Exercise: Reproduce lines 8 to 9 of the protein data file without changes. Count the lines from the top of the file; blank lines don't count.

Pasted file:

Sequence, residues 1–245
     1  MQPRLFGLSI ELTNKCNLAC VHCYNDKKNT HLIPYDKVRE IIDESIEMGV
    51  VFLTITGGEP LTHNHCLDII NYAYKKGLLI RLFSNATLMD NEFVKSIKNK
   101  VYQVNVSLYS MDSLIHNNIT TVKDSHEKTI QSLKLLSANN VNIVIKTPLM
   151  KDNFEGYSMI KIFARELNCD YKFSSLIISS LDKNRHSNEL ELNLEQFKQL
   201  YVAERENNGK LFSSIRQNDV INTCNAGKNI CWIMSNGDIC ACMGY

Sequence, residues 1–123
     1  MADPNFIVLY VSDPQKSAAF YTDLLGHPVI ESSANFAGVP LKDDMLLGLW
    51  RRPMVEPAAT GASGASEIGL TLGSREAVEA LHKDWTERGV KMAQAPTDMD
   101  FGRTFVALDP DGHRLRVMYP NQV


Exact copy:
     1  MADPNFIVLY VSDPQKSAAF YTDLLGHPVI ESSANFAGVP LKDDMLLGLW
    51  RRPMVEPAAT GASGASEIGL TLGSREAVEA LHKDWTERGV KMAQAPTDMD